MEMP Student Helps Entrepreneurship and Technology Ideas "Hatch" at Duke and Beyond

November 15, 2008

Ali HabibWhen Ali Habib made the decision to leave his home town of Karachi, Pakistan to come to Duke as a Master of Engineering Management student, he knew he was embarking on a journey that would change him forever. What he didn't know, was how much impact he would have on the Master of Engineering Management program, the Pratt School of Engineering, Duke at large, and really, the whole world.

Ali is a Fulbright Scholar, so obviously he is brilliant. He also happens to be dynamic, kind, technology-gifted, and creative. MEM professor Larry Boyd recognized these qualities in Ali and asked him to redesign the Center for Entrepreneurship and Research Commercialization website for Duke. Ali was initially a bit nervous about the project because he would be designing on a new platform, Drupal. His prior experience was with Java, but he rose to the challenge, taught himself Drupal, and took the Center for Entrepreneurship and Research Commercialization website from weak to wonderful in a matter of months.

When Ali finished with the website, he was delighted to move on to another great project; DU Hatch, an incubator where student ideas can become real businesses in an educational setting. He says that one of the best things about Hatch is that there is always some sort of social venture or charity idea, it isn't just about technology. Ali's appreciation of technology functioning alongside non-technological ventures is part of what makes him such a great fit for the MEM program. He plans to bring the fundamentals of Hatch back to Pakistan and to set up a similar project for students there.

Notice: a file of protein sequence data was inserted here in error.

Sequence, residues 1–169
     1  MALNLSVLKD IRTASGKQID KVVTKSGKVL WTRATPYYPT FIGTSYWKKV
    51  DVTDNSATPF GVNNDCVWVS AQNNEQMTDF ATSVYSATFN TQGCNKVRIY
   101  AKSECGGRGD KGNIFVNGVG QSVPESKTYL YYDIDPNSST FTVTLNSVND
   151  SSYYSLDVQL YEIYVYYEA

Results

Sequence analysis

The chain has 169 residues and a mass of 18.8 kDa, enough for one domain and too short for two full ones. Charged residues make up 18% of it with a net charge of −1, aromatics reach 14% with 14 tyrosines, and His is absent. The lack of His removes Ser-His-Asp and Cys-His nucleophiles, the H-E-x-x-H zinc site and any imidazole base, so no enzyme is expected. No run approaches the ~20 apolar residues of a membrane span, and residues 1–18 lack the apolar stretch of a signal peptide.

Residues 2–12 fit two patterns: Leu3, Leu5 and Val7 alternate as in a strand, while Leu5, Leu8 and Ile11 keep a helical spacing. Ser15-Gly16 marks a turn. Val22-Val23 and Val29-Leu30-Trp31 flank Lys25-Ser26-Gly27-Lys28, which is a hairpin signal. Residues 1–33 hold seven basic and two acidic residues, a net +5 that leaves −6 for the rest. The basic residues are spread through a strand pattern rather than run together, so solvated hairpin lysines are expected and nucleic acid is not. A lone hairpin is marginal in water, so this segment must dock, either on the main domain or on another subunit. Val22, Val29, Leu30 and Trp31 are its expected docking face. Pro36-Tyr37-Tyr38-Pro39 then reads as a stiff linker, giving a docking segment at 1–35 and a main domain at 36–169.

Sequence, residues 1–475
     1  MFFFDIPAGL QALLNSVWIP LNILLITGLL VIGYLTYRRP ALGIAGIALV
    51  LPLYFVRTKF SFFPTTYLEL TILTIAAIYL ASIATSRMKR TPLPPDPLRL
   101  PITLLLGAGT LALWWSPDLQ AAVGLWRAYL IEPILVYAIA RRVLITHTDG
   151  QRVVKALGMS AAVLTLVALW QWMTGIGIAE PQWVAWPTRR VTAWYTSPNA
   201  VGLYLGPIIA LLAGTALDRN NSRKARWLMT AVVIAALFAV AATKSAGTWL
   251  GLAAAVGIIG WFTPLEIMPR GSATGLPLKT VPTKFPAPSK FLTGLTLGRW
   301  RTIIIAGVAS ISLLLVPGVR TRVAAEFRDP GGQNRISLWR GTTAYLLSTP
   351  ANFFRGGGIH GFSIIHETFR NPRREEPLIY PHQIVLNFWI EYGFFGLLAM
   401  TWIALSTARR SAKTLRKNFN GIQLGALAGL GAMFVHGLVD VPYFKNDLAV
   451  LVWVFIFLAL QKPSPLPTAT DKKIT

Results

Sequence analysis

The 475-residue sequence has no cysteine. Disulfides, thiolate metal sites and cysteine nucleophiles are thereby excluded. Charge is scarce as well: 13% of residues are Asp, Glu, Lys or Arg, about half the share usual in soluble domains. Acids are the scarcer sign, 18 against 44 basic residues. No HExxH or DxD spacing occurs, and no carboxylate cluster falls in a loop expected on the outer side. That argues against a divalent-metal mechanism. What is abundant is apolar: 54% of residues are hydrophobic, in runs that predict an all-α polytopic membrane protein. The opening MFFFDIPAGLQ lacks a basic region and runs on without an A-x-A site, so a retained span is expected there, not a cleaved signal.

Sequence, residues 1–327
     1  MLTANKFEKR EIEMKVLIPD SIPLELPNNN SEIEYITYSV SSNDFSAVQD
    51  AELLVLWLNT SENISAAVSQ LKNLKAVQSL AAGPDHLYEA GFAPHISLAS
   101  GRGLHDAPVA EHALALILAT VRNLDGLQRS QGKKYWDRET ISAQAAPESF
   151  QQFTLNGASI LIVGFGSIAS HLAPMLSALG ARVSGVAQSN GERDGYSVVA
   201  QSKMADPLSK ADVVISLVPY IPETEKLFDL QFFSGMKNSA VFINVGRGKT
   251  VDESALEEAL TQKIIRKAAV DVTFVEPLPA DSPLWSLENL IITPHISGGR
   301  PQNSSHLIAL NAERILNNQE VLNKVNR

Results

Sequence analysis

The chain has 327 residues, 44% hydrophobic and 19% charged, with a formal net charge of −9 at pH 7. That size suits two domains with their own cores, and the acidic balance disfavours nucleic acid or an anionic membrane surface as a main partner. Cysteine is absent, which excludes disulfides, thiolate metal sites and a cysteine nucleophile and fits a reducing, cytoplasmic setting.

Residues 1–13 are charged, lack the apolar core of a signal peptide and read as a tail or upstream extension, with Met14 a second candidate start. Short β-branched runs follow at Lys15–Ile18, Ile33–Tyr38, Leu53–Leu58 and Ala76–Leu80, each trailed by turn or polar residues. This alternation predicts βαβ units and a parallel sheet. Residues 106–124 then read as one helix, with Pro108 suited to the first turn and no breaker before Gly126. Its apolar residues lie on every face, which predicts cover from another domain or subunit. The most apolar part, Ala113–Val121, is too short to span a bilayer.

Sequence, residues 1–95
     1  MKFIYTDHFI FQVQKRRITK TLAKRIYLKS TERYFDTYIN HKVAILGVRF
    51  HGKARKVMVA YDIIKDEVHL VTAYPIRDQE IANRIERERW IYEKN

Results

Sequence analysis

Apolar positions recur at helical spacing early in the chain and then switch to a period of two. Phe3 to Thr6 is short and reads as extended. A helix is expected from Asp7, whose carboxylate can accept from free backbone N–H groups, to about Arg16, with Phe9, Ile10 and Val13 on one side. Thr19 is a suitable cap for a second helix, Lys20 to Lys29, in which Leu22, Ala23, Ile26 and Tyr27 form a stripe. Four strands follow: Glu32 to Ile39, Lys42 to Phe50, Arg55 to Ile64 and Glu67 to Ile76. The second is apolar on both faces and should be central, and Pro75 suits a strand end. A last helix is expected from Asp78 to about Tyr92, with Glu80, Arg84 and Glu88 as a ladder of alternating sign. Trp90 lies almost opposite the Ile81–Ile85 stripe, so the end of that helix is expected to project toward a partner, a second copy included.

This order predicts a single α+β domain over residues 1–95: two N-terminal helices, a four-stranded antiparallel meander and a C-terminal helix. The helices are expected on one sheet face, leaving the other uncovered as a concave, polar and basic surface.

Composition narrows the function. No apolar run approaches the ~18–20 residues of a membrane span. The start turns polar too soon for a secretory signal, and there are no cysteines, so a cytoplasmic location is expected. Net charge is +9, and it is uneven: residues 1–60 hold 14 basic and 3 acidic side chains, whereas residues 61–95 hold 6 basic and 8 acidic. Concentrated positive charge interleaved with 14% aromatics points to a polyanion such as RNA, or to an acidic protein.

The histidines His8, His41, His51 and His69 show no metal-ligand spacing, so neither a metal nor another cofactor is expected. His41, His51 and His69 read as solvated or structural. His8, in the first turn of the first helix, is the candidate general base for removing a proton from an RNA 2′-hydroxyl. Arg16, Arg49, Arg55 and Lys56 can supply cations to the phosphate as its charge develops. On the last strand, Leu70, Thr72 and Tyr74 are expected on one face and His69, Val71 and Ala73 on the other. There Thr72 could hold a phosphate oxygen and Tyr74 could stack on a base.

Ali has a few other side projects that he will continue to work on this year. He writes a weekly profile on a person who has an impact on the MEM program and he also serves as a member of the MEM Internal Communications sector of the MEM Program Development Committee. In his free time he likes to read, write poetry, watch movies, and work out.

Ali attributes much of his success to growing up in Karachi, the financial and business hub of Pakistan, and to his family. Ali's family is made up of stock brokers, business people, doctors, and entrepreneurs. He said that there is just something about the Habibs that makes them want to be their own boss. Ali will likely follow in these footsteps when he returns to Pakistan next May to pursue a career in technology management. He hopes to open his own company in Karachi.